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2015: Too Much Rain For Some Crops

Weather is one thing that we humans have no control over. Farmers are at the mercy of this phenomenon, and every year brings something different to the equation. In the summer of 2015, we are experiencing too much rain for agriculture in the eastern portion of the United States. The skies have been unrelenting this year, releasing a good deal of moisture, with too few hours of adequate sunshine, which is a requirement for healthy crops.

One case for example, there’s about $300 million in Indiana crops’ value lost to flooding so far. This is not good.

“Torrential rains and resulting flooding have destroyed as much as 5 percent of Indiana’s corn and soybean crops and potentially have caused about $300 million in crop damage since the beginning of June.”

Wheat is another crop that has been altered, due to too much water. The yield is not going to be what it should be, because the wheat crop suffers from too much rain.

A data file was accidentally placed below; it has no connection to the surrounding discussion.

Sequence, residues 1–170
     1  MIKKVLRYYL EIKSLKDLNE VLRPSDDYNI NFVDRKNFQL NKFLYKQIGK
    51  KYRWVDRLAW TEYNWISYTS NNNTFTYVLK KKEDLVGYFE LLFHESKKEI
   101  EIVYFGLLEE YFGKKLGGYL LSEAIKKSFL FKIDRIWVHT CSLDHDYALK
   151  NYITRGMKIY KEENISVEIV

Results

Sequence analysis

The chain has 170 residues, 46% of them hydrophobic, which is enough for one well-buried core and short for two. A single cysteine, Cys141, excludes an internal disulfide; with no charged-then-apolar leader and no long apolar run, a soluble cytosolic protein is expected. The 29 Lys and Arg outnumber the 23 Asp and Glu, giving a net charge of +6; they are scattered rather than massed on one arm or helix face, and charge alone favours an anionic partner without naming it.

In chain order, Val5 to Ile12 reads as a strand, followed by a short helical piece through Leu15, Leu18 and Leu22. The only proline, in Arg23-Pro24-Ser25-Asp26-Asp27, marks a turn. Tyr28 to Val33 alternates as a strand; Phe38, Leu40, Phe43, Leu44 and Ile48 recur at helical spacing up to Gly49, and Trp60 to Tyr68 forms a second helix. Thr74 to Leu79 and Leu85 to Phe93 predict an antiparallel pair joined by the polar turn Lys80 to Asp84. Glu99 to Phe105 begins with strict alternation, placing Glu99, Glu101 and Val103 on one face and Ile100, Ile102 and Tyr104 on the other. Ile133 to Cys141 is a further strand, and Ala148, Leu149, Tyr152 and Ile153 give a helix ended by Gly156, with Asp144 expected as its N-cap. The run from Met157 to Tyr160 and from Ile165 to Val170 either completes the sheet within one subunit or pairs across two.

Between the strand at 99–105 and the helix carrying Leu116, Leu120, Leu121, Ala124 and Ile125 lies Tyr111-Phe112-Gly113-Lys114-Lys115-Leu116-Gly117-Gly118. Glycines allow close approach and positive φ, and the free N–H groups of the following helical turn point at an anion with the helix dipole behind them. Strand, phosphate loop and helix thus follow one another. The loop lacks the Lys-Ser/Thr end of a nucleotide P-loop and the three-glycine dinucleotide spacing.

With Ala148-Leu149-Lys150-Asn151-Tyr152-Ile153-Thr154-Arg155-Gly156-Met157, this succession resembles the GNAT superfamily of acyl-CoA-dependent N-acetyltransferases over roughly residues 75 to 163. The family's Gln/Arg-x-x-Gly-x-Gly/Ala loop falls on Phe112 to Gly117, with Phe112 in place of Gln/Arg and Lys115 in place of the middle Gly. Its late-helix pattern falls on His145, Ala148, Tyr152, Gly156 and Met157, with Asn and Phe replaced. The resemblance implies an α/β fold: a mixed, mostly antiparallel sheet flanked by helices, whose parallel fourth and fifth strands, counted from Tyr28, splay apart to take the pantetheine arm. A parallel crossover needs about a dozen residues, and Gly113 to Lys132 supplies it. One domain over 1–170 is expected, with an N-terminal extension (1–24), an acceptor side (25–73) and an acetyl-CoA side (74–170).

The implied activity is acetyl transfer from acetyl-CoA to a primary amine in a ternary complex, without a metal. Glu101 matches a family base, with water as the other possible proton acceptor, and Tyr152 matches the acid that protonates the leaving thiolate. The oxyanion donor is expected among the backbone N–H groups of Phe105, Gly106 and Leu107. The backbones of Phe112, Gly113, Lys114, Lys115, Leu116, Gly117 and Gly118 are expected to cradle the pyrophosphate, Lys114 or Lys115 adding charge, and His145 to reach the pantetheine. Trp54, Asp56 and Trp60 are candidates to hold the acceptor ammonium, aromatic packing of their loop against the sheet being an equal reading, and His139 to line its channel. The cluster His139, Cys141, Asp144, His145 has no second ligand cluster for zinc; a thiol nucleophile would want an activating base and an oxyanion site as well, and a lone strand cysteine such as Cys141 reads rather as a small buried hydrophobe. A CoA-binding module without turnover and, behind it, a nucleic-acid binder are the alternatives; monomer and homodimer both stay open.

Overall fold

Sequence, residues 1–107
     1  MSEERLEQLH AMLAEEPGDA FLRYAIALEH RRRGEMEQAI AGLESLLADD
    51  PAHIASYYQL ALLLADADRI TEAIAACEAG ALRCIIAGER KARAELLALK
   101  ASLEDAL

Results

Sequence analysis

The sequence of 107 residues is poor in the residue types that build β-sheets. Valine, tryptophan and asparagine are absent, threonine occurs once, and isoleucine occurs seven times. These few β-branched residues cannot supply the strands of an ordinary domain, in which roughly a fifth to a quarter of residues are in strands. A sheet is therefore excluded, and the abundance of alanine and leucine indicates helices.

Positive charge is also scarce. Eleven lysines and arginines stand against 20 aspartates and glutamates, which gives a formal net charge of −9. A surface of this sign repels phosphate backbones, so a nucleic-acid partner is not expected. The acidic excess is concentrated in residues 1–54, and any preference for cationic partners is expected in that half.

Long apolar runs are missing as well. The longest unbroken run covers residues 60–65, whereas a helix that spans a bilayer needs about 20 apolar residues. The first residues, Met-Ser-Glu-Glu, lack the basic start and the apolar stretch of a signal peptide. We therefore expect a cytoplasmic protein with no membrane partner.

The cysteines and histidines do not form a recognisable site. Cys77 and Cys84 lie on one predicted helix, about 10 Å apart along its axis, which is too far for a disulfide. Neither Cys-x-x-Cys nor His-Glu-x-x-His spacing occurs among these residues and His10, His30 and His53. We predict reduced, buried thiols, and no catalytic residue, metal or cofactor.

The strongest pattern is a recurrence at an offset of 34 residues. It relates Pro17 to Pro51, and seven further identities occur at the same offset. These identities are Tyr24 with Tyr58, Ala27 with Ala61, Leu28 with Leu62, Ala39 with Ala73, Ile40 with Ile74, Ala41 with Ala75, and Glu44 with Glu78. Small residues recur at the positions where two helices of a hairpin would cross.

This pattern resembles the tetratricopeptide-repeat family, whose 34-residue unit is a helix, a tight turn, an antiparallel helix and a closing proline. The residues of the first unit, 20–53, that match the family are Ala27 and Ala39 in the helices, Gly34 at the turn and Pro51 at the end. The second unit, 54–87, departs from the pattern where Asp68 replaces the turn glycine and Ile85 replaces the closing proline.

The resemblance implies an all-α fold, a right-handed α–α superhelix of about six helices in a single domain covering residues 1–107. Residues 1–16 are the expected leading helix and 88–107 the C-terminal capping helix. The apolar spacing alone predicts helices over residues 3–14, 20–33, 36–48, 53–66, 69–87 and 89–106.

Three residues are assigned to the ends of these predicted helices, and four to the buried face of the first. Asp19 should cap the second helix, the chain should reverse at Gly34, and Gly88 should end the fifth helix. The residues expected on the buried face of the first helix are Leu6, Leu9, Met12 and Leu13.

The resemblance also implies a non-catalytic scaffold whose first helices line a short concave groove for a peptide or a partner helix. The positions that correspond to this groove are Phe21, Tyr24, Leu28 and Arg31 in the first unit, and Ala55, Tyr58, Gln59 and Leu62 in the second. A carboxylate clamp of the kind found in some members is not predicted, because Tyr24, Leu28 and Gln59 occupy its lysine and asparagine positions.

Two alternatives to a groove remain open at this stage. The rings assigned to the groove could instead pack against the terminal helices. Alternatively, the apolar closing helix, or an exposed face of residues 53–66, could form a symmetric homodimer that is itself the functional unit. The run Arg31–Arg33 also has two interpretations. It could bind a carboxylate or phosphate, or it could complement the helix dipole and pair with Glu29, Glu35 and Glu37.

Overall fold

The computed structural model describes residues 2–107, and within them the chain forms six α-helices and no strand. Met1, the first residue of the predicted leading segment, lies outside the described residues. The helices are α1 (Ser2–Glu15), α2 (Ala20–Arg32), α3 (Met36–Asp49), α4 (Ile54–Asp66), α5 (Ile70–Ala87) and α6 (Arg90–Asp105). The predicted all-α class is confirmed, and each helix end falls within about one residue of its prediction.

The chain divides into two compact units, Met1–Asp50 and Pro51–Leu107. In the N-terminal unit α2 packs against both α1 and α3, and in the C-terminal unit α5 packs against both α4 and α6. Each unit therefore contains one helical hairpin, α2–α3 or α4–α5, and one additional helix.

For the most part, spring provided us with some fantastic, sunny weather. Yet, summer has brought too much of a good thing to many. Furthermore, the moisture will bring banner crops in some areas, while other crops will suffer. It’s a dichotomy for farmers this summer.

The strawberry season in Vermont has been great so far, yet farmers worry that “the end of the strawberry season could be affected if mold takes a hold.”

In California, there’s an entirely different problem of bigger proportions. In fact, the trend is to “rip out water-hungry lawns and replace them with more desert-like plants.”

“With California facing one of the most severe droughts on record, Governor Brown declared a drought State of Emergency in January and directed state officials to take all necessary actions to prepare for water shortages. The state has continued to lead the way to make sure California is able to cope with an unprecedented drought.”

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